How to spot the tell-tale signs of subsidence

Subsidence is no small matter. In fact, it is arguably the most serious issue a property can suffer from, as it not only impacts the structural integrity of the building but will substantially affect its resale value. Spotting the signs of subsidence early on will make a big difference, as it can allow swift action to be taken to stop the issue from getting out of control. But even if the subsidence has progressed quite far, there are methods that are successful at treating it. Plus, precautionary steps can be implemented to prevent it from coming back later on.

Subsidence defined

Subsidence involves the ground underneath a property sinking. When the ground lowers, the foundations of the property can become misaligned. The worst kind of subsidence involves the ground underneath the property sinking at varying rates.

It is worth distinguishing between subsidence and settlement. The Financial Ombudsman Service defines subsidence as the ‘downward movement of the site on which a building stands – where the soil beneath the building’s foundations is unstable’. Whereas, settlement is defined as “downward movement as a result of the soil being compressed by the weight of the building within ten years of construction”.  The distinction is important as insurers will normally not cover settlement.

Risk factors

The risk of subsidence will depend on a variety of environmental, geological and construction-related factors including:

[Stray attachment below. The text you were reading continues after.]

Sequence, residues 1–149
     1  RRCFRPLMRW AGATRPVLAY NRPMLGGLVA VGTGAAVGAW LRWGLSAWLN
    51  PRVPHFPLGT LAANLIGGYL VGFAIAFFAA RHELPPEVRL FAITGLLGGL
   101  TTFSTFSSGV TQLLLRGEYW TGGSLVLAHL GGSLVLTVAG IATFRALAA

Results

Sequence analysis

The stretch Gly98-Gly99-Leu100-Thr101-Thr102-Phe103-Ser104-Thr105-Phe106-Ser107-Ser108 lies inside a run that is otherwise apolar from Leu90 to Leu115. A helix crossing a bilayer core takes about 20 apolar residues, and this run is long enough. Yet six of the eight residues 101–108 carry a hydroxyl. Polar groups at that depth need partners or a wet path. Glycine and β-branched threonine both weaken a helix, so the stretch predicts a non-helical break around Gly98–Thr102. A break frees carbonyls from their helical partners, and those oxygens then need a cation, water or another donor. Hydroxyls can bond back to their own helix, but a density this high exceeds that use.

• Clay soil, which can shrink and crack in hot and dry weather
  • Certain trees and shrubs can dry out soil, leading to more risk of subsidence
  • Older homes with shallow foundations
  • Leaking drains – can potentially soften the soil, making it become compacted under the property
  • Local mining or fracking

How to spot the signs of subsidence

Cracks caused by subsidence will be relatively thick – and a rule of thumb is that subsidence causes cracks that are diagonal, wider at the top and over 3mm in thickness. These cracks will be visible both inside and outside the property and are usually found close to doors and windows. Subsidence can also extend to below the damp course. It is worth noting that if your home is new, or freshly plastered, it is normal for small cracks to develop. This is a result of the plaster drying and the building settling.

Further signs of subsidence can include doors and windows becoming stiff as frames begin to warp, and wallpaper crinkles at wall and ceiling joins. The latter can also be a result of condensation or damp, so it is worth ruling these issues out.

Prevention

Often subsidence is outside your control, but you can mitigate against the risk by:

  • not planting trees or shrubs too close to your home
  • catching rainwater in water butts to water the garden
  • ensuring that your gutters, pipes and plumbing are all regularly checked and maintained

If you think your property may be suffering from subsidence it is vital that you contact a structural engineer as soon as possible to inspect the property.